Indoor plants viewed from above.

What Plants to Choose for Indirect Sunlight Places in Your Home

This is a warm, position that receives little or no direct sunlight, although the overall level of brightness is still high.

Many of the main living areas in our homes offer good natural light. Rooms situated on the east side of the house are often bathed in sunlight for a few hours in the morning, while those on the west receive soft light during the afternoon.

These sorts of conditions are ideal for many houseplants, since very few enjoy basking in hot summer sun all day long. If your home offers good natural light, you have many choices available to you from nurseries, with flow­ering and foliage plants to choose from throughout the year — from gerberas, busy lizzies, and Cape primroses in summer to chrysanthemums, kalanchoes, begonias, and poinsettias in winter.

One of the most popular rooms in which to display houseplants is the living room, as this is where we spend much of our time. However, since this is probably one of the warmest rooms in the house, you must take precautions to prevent the atmosphere from becoming too dry. Many house- plants enjoy a warm position, but very few thrive in dry conditions and none like to be placed near a direct source of heat. If you have an open fire or central heating, you must find ways of providing humidity for your plants.

Regular misting is beneficial to many plants, especially ferns, but it is not suitable for those with hairy leaves, such as African violets, because the water can get trapped in the hairs on the leaves and cause them to rot. A helpful tip is to place the pot on a saucer of moist pebbles, which provide humidity as the water evaporates off the stones and into the surrounding air. Make sure the plant isn’t sitting in water, because this encour­ages bacteria which rot the roots.

Another solution is to place your flowerpot inside another larger con­tainer and surround the inner pot with damp moss. A useful tip is to place fresh moss over the surface of the potting soil, which riot only preserves mois­ture and provides humidity, but also looks most attractive — especially if you replace the moss reg­ularly with a fresh supply.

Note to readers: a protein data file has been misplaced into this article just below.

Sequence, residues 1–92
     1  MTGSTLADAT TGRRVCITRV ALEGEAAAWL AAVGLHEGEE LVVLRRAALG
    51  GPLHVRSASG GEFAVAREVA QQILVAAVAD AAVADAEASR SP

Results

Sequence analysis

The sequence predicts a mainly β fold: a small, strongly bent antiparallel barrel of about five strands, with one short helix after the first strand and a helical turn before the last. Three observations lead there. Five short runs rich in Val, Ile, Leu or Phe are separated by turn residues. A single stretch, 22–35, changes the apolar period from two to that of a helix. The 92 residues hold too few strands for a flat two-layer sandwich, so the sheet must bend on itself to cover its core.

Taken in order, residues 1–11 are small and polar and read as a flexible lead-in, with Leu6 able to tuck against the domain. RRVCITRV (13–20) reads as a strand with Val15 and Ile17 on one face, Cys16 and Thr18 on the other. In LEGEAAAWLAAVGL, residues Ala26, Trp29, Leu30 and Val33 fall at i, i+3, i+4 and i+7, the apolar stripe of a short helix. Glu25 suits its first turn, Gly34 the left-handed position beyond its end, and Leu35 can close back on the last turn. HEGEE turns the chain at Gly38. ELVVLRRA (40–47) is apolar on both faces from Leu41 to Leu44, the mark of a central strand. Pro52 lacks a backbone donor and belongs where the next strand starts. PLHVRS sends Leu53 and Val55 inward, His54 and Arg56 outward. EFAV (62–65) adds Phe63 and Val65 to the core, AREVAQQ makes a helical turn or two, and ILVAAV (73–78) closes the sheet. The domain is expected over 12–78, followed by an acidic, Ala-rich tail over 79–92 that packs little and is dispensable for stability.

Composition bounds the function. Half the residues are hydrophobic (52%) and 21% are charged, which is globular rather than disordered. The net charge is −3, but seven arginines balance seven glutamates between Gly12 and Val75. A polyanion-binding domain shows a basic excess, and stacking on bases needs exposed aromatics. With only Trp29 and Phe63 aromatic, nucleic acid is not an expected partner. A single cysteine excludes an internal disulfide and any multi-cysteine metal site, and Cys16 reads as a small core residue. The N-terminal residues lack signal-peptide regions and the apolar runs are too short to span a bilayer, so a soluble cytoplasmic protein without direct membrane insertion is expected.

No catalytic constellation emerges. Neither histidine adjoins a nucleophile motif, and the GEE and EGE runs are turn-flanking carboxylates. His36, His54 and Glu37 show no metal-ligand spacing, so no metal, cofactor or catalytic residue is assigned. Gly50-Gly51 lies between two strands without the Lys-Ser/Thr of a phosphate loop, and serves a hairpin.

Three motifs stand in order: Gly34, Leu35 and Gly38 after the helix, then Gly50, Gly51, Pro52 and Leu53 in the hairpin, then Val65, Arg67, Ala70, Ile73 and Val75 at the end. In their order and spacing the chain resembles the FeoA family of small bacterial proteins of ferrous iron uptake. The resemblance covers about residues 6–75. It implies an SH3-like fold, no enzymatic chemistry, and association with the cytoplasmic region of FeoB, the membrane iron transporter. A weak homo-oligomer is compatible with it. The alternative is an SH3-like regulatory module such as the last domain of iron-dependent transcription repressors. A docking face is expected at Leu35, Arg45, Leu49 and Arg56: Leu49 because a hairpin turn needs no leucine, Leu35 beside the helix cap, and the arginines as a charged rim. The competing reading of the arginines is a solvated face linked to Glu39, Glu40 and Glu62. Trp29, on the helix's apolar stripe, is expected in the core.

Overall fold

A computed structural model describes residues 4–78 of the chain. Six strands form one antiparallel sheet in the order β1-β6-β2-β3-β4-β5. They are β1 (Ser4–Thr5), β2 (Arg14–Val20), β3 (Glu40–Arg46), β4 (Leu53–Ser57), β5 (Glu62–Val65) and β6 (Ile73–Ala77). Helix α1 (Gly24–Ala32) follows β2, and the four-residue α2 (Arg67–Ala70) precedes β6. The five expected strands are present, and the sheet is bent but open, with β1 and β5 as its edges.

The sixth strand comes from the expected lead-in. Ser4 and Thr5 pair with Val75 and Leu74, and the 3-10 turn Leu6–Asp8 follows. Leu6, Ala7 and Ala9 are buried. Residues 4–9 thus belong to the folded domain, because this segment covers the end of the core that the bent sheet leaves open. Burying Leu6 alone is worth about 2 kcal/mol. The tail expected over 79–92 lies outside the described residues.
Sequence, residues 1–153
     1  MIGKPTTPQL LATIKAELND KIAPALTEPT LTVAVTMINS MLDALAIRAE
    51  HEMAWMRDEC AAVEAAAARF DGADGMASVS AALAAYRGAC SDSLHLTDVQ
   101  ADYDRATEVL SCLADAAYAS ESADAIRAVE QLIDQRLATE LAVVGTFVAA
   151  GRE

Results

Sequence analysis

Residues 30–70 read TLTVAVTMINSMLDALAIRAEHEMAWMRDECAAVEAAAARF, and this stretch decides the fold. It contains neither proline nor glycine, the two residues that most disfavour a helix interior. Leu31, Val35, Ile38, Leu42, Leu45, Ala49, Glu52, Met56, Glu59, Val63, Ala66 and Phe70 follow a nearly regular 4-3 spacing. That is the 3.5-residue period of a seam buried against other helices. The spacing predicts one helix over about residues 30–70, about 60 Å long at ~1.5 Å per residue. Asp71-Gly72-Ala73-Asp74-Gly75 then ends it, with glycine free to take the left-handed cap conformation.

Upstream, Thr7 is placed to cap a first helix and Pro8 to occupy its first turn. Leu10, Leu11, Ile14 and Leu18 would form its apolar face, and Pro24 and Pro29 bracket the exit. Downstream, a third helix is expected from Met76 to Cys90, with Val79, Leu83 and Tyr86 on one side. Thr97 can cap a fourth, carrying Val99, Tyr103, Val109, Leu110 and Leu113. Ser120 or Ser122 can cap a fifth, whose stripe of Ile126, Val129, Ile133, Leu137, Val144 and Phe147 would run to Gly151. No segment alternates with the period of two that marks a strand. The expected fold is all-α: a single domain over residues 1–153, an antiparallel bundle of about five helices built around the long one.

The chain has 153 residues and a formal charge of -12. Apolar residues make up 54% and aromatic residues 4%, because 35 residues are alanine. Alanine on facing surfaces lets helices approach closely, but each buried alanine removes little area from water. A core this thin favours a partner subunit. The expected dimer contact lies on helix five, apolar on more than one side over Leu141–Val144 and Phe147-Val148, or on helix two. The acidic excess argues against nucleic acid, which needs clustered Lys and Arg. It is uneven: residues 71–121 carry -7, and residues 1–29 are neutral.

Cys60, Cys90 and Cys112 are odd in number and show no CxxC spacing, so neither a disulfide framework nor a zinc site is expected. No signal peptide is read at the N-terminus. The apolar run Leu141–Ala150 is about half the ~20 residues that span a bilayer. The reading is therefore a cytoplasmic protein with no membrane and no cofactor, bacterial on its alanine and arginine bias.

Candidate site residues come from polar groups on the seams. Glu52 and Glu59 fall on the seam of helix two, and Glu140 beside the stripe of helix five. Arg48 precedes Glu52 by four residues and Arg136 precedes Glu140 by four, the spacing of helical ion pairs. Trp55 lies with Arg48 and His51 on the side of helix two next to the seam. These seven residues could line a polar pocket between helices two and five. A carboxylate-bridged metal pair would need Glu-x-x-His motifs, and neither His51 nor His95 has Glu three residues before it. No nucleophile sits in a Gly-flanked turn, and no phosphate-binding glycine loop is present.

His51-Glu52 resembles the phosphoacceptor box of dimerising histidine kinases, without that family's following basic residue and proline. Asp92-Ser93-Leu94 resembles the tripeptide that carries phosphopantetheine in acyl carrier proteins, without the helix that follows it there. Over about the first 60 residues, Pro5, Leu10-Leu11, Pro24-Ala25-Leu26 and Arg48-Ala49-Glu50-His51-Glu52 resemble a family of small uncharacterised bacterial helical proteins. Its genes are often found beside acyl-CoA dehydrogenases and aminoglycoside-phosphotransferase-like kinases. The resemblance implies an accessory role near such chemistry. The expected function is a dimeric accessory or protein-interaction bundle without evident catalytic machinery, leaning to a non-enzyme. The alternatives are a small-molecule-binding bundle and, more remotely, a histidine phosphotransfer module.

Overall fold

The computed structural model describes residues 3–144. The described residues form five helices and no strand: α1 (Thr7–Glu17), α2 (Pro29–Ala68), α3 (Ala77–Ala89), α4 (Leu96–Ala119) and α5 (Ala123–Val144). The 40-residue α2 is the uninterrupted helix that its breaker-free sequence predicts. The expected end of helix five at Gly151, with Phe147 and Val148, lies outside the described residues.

Cheerful gerberas – The striking, large, daisylike gerberas are perhaps more familiar as cut flowers from florists’, but the flowering pot plant is now widely available in orange, yellow, red, pink, and white throughout the summer.

Telltale signs that your plant isn’t receiving enough humidity are that the leaves begin to shrivel or show signs of scorching, or the buds or flowers fall off prematurely If your plants have been displayed in a warm, dry atmosphere for sev­eral months at a time, they will often benefit from a short vacation in a slightly airier part of the house. Bedrooms and hallways that have good light, but are not as warm as the main living areas of the house, are good places to move your plants to for short periods of time when they are starting t’p show signs of poor humidity. Do not overwater these plants because they are likely to rot.

Centerpiece of peperomias – A selection of different types of peperomias arranged together in a basket makes a very good center- piece for a dining- room table This basket has been lined with plastic, a few pebbles have been added to the base for drainage, and the plants removed from their original pots. The surface of the soil has been covered with fresh moss to conserve moisture.

One of the advantages of growing houseplants in containers is that they are portable, which means you can move them around according to the season. Different rooms offer different levels of light throughout the year, so if your indoor plants are not receiving enough light in one area of the room, you can move them to a brighter position with little effort. A begonia or African violet, for example, that thrives in the center of the living room in summer when light levels are high, may need to be placed closer to the windowsill in winter, when the sun is weak and the days are short – especially in northern latitudes.